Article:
The Economic Research Service has released Household Food Security in the United States in 2014. ERS has also conducted recent research on the impact of economic conditions and policies on the incidence of food insecurity. (Click to enlarge)
USDA’s recently released annual report on the incidence and severity of food insecurity in American households marks 20 years of Federal statistics measuring U.S. food insecurity. This year’s report, presenting 2014 data, shows that 86.0 percent of American households were food secure throughout the entire year, meaning that all household members had access at all times to enough food for an active, healthy life. In 2014, 14.0 percent of U.S. households (17.4 million households) had difficulty at some time during the year providing enough food for all their members because of a lack of financial or other resources. Food insecurity, essentially unchanged from 2013, is down from a high of 14.9 percent measured in 2011.
Looking back over the last several years, the food insecurity rate, as expected, rose in 2008 with the recession. But the food insecurity rate has not returned to pre-recession levels. Research shows that while modest improvements in food security have accompanied declining unemployment, other changes in the economy, including higher food prices, appear to offset the effect of unemployment declines. These higher food prices, along with an increase in overall inflation, are key factors preventing food insecurity rates from any substantial decline. Another Economic Research Service (ERS) study found that, particularly for households receiving benefits from USDA’s Supplemental Nutrition Assistance Program (SNAP), higher local food prices were related to higher food insecurity. Read more »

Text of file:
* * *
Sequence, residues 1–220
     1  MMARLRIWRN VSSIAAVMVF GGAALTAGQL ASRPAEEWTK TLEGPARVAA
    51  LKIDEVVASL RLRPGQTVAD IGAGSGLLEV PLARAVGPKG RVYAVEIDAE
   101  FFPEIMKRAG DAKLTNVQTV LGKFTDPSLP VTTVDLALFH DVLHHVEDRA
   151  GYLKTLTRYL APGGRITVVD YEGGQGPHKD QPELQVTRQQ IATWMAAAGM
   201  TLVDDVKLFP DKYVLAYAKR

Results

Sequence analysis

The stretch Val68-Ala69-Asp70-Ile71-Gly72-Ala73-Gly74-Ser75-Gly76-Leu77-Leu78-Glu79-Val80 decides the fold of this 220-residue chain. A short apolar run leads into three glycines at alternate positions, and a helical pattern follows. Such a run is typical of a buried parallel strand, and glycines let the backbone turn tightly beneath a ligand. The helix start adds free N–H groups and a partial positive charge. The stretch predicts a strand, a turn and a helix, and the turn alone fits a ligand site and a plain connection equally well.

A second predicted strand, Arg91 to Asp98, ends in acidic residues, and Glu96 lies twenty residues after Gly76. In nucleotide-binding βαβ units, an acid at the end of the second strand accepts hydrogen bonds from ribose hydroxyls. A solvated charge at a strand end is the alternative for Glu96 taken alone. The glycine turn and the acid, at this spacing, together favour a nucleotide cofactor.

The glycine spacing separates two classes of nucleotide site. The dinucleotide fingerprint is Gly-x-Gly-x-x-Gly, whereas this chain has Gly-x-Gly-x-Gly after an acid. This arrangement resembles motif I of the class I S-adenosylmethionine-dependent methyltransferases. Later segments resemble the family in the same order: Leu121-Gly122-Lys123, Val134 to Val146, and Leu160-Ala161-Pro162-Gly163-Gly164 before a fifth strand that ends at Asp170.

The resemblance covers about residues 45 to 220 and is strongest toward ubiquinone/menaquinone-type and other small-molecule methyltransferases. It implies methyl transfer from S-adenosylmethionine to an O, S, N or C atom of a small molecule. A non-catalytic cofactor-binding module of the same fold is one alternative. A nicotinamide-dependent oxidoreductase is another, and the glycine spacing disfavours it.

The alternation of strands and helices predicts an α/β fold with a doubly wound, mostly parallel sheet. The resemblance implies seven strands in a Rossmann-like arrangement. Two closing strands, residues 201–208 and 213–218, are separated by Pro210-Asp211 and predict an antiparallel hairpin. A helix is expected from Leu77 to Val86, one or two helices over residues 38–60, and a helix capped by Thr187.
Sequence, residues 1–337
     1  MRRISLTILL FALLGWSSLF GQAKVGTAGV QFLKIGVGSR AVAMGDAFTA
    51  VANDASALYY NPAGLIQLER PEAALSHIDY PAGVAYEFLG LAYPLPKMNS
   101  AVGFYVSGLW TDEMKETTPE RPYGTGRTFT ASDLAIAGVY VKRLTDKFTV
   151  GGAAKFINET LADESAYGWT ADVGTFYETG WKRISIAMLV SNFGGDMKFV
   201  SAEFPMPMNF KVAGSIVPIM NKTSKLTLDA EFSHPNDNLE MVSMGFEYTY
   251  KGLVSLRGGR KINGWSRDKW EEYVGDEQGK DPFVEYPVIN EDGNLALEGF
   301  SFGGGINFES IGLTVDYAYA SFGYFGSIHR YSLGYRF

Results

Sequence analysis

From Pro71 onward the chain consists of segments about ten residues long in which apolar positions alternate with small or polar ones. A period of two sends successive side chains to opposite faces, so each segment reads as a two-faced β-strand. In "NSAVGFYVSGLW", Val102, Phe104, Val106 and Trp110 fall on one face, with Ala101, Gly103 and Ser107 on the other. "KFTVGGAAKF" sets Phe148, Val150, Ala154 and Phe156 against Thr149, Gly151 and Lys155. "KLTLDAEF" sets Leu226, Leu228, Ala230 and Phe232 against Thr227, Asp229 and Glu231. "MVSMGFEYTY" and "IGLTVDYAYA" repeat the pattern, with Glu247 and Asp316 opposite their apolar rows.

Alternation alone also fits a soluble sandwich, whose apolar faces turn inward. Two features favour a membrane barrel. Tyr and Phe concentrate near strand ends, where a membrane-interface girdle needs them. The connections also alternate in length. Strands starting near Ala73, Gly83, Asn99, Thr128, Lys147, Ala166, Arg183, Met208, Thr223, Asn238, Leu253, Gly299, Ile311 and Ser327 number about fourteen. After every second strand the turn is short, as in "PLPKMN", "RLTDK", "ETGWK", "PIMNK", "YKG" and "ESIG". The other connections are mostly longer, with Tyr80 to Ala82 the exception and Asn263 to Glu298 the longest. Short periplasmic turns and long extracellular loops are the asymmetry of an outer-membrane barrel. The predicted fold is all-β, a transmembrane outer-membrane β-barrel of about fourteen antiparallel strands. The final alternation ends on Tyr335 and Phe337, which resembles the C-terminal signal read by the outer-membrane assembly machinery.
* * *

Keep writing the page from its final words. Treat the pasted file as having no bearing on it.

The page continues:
Many schools in high-poverty areas find that participating in CEP is cost-effective.
When the Healthy, Hunger-Free Kids Act authorized the Community Eligibility Provision (CEP), schools in high-poverty areas gained another important tool to fight childhood hunger. By the end of school year 2014-15, the first year CEP was available nationwide, more than half of all eligible schools had already jumped on board.
Low-income schools of all kinds – rural, urban, elementary and secondary – recognized the potential impact they could have on their communities by offering meals at no cost to all students. Yet, some schools encountered more bumps on the road to implementation than others. Read more »
Students waiting to enjoy a delicious lunch.
Every day, millions of students across the U.S. walk into school with stomachs growling because they haven’t had enough to eat either that morning or the night before and eagerly anticipate getting a school breakfast. Hours later, when the lunch bell rings, the same students jet to the front of the line to make sure they get enough food to tide them over until their next meal. For many students, school meals are not a luxury or a backup in case they forget to pack a meal; they are a lifeline.